Our siblings define us. They are the walls of the metaphorical rooms of our childhood; they create the boundaries of who we are and who we aren’t, and perhaps who we can potentially be.
–I can’t be the athletic/troublemaking/smart one; that role is taken.
–I need to be cool and collected; my sister is the stressed out one.
–I want (insert wanted thing or feeling here) but can’t have it because a sibling needs it more.
You know the drill. How many messages in life can you trace to the definition of self given to you by your siblings?
As for my siblings, there are eight of us. Four boys and four girls. (And, yes, our last name is Brady. Cue the music.) You might know this about me already, because the one thing everyone knows about me (and each of my siblings) is that I am one of eight siblings. I am number 5 (read Doris Lessing, the 5th Child and be very, very afraid of the 5th Child), I am the oldest of the bottom four. However you slice it, my identity has always been “one of eight kids.” It’s a party trick, it’s a conversation starter, it’s a way for people to see who I am and why I am.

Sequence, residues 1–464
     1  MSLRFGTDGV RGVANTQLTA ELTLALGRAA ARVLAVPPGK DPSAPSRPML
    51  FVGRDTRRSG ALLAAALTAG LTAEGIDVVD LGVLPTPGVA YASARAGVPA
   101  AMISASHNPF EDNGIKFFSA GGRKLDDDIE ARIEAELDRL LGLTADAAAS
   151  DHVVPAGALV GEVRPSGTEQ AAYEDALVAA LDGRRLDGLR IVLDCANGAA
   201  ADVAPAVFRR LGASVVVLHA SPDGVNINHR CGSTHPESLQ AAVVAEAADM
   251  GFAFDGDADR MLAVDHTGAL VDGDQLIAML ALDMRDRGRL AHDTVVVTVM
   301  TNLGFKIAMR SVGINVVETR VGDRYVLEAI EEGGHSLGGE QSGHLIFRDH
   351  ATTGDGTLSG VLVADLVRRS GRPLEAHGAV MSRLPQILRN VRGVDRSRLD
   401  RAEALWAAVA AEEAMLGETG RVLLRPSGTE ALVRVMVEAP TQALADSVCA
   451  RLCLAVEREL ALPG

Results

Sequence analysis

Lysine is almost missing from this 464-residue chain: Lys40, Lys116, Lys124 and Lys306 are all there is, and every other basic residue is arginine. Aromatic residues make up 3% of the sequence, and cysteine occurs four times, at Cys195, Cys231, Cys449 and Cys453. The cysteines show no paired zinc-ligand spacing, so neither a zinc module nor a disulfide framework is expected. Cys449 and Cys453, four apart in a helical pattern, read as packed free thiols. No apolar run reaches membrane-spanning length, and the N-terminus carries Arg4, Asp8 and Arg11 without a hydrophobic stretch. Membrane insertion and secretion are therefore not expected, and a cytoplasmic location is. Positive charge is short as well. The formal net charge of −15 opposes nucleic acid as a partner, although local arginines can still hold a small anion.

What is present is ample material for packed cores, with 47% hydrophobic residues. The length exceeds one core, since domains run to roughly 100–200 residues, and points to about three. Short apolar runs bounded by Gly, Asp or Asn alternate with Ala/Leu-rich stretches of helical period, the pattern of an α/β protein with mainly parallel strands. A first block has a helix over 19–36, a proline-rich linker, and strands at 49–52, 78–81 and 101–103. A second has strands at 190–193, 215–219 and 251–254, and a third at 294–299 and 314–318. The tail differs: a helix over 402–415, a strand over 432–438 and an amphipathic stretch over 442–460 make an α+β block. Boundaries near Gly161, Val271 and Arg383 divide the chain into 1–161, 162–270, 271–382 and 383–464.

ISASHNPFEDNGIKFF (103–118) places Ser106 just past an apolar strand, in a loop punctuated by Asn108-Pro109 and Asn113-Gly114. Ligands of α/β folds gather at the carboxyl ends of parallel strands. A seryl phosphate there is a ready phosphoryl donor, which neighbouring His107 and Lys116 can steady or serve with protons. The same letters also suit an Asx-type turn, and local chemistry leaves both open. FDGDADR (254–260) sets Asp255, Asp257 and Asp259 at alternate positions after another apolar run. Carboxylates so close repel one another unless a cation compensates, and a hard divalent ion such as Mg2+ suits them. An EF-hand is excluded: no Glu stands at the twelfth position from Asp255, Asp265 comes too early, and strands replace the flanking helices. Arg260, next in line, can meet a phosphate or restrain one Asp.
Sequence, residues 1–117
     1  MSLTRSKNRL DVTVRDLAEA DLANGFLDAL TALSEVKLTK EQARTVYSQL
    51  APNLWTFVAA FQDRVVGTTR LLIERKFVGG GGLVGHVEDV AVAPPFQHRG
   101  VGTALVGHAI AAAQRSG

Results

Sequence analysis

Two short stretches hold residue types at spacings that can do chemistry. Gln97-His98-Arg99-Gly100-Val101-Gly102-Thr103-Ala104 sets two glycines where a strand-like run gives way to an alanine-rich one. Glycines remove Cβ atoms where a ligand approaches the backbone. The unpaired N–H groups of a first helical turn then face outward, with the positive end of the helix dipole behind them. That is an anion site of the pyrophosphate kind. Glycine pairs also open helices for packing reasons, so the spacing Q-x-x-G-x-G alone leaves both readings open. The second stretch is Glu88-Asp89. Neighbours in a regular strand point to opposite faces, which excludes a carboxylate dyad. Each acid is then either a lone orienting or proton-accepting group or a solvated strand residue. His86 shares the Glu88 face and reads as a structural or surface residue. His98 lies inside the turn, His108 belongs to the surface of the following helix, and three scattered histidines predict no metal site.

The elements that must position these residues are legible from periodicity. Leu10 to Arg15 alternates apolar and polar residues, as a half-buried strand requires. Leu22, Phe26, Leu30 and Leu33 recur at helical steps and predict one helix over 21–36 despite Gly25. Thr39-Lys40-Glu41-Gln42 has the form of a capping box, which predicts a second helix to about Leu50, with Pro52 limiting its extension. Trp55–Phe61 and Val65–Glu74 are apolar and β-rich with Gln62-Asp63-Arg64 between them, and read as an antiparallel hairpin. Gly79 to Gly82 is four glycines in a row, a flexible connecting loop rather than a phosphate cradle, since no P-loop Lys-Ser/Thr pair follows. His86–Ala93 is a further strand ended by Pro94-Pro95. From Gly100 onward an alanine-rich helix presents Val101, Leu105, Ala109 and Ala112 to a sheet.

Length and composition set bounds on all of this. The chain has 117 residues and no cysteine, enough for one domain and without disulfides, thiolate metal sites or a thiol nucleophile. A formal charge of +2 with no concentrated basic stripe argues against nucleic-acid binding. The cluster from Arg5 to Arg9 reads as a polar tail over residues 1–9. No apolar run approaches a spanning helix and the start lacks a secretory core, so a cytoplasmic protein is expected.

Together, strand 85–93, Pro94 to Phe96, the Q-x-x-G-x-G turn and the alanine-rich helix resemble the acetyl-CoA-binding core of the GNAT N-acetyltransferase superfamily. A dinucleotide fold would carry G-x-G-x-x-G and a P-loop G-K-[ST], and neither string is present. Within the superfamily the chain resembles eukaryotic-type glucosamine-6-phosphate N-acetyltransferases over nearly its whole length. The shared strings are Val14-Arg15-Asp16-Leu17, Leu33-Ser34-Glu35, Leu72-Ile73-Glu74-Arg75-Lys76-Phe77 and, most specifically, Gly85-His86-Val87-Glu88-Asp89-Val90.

Being in a large family means learning to live with an often baffling duality: the need to subjugate yourself and your needs to the group coupled with an intense need to draw attention to yourself as an individual, defined separately from the group.
Many times I’ve thought about what it means to be a Brady kid. In fact, most of my life was me trying to *not* be a Brady kid. In general, though, I’m fairly obstinate and have never wanted to belong to a club that would have me as a member.
Reflecting on the time we just had together, I realized that, no matter how tumultuous our beginnings were, we are all defined very clearly.
- Show up. All seven siblings came together again to be there for Katie’s family and each other.
- Do their jobs. I am so grateful for my siblings who each did their jobs: made a beautiful slideshow, procured food, supported our parents, hosted family, found photos, drove each other to the airport, hugged one another and each others’ friends. On and on, we did our jobs.
- Have amazing friends who are like family. Every sibling had friends who showed up and worked as hard as (or harder than!) a Brady kid. With all of our siblings, we have managed to create sibling-like relationships with people who willingly step in and step up.